Sunday, September 24, 2017

History is on Labour's side in this election

(First published in The Dominion Post, September 22.)

Phew, what an election campaign. Voters’ heads must be spinning from the daily blizzard of policy announcements and extravagant promises, most of which involve spending large sums of our own money. Only the most nerdish political obsessives will have kept track of them all.

Another reason to be grateful when the campaign is over is that we’ll be spared those cringe-inducing nightly news reports in which the party leaders appear on camera flanked by the local candidates – or in Bill English’s case, cabinet ministers – slavishly nodding in agreement with whatever the boss says.

Presumably it doesn’t occur to them that they look mindlessly servile. This is one campaign ritual that the party image minders would be well advised to ditch.

The campaign has been intense, the more so because of the topsy-turvy polls, but it has remained generally good-natured. Jacinda Ardern’s relentlessly sunny disposition was put to the test as journalists started asking hard questions about Labour policies that hadn’t been satisfactorily explained, but we didn’t see her crack. It was an impressive feat of self-control for a leader who hasn’t previously experienced the white heat of the campaign trail.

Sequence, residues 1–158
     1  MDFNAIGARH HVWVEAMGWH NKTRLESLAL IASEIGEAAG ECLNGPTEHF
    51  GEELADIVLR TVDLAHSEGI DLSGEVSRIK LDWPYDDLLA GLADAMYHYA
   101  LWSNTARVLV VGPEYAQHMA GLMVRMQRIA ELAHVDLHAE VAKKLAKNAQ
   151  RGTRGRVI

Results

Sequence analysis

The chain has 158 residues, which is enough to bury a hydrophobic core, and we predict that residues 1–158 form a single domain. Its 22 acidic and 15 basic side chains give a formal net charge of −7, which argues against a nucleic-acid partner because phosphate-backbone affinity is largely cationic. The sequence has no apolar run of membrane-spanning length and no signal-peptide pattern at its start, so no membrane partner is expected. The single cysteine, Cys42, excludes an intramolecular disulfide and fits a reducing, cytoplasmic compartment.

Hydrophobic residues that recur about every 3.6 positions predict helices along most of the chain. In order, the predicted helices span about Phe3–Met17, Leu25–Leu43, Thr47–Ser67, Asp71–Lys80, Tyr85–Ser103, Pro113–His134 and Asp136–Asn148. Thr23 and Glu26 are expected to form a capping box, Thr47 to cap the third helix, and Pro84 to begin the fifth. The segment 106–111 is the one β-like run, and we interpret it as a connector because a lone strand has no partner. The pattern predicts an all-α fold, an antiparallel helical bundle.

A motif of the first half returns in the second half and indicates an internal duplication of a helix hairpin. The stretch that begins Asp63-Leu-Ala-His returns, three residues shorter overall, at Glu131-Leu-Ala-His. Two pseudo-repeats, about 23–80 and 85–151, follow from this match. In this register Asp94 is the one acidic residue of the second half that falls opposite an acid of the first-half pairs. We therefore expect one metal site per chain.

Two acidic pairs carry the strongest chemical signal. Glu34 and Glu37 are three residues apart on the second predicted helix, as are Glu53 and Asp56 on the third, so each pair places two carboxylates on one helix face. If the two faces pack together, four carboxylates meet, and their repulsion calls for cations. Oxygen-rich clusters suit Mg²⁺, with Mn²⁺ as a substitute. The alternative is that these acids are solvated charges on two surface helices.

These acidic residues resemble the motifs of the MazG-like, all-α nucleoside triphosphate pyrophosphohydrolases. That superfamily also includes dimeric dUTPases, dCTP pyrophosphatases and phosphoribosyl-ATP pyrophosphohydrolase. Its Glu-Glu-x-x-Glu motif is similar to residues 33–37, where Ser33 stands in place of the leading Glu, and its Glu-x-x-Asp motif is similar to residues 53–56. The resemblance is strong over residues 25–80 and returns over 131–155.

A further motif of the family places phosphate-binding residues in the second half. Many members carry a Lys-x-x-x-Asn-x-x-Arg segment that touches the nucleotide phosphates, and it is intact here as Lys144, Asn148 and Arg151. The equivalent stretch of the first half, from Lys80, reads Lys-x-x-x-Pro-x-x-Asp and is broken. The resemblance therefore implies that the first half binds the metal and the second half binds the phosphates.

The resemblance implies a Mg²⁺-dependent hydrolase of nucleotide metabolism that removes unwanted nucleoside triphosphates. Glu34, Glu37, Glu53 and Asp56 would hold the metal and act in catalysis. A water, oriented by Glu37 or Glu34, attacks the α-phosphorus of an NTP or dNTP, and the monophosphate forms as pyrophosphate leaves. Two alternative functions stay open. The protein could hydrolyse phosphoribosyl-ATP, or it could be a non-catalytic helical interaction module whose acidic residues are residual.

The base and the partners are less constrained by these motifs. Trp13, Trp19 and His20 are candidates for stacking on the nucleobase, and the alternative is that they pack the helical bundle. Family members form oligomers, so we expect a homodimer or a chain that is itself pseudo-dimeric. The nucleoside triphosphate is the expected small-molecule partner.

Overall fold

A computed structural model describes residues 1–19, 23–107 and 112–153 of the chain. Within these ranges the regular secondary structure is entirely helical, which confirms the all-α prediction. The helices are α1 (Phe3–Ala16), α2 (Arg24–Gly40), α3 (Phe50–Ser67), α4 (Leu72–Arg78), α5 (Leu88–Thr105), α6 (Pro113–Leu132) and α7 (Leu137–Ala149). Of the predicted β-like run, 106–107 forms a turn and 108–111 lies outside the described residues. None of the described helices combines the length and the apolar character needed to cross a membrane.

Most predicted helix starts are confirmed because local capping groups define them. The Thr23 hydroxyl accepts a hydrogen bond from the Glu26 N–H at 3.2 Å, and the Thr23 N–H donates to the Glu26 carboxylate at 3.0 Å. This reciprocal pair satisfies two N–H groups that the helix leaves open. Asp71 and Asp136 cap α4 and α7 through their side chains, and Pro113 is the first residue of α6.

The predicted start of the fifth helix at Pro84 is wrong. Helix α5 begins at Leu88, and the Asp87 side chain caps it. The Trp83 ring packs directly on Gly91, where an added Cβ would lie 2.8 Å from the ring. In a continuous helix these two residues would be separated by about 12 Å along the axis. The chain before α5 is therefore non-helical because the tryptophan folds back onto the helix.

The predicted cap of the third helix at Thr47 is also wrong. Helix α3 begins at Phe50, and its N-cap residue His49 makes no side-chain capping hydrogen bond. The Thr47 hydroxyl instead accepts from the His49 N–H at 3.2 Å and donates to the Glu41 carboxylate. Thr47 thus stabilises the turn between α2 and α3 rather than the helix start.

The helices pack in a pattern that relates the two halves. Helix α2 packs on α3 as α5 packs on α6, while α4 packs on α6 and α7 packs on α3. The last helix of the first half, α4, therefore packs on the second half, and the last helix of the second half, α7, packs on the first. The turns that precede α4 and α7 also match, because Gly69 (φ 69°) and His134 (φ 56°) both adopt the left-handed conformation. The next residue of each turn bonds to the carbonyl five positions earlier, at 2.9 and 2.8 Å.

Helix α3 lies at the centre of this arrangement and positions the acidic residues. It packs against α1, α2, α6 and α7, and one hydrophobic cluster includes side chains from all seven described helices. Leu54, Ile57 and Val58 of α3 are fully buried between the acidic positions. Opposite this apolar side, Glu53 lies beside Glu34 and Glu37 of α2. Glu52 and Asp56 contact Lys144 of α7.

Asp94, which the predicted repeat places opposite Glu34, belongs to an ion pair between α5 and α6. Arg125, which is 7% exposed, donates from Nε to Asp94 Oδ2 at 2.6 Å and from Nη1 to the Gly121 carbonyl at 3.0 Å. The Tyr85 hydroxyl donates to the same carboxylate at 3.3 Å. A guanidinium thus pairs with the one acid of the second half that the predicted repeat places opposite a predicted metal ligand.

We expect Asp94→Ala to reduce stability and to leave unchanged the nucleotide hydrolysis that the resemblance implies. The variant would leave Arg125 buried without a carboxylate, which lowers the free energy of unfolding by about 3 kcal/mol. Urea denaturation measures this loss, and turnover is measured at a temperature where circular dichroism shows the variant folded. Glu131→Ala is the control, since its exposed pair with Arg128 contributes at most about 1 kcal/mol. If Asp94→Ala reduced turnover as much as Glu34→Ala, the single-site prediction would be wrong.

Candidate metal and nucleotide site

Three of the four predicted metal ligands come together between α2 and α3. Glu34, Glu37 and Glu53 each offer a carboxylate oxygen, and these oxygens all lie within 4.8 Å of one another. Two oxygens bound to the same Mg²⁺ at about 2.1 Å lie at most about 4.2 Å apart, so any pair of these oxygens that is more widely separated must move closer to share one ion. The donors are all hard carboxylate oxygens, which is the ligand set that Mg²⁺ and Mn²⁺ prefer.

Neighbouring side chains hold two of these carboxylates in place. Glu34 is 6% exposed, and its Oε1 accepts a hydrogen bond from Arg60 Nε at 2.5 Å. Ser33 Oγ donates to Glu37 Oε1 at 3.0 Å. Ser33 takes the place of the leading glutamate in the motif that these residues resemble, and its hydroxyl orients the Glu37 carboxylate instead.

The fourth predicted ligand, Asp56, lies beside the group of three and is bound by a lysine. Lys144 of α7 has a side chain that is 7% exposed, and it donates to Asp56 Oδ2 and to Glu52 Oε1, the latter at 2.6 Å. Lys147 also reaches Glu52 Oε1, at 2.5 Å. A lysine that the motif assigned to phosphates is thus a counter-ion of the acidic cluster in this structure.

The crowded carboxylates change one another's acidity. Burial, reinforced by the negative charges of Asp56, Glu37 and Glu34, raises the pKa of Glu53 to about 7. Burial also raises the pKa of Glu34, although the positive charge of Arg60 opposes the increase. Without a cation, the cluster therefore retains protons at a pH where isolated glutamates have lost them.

Overall, she’s had a good campaign. But so has English, who has looked more relaxed than we’ve seen him before. Both leaders give the impression of having genuinely enjoyed themselves.

Taking his wife along wouldn’t have harmed English’s prospects. Mary English is personable, mixes easily, and being part-Samoan she’s an effective counter to the perception that National is the party of old, white New Zealand.

For her part, Ardern seems to have been accompanied everywhere on the campaign trail by Annette King – an unusual strategy, given that King’s stepping down, but a shrewd one. Of all Labour’s old hands, King is arguably the most universally liked and non-threatening. Her presence will have been reassuring to voters worried about the influence of radical ideologues in Labour’s ranks.

So, which way will the voters go?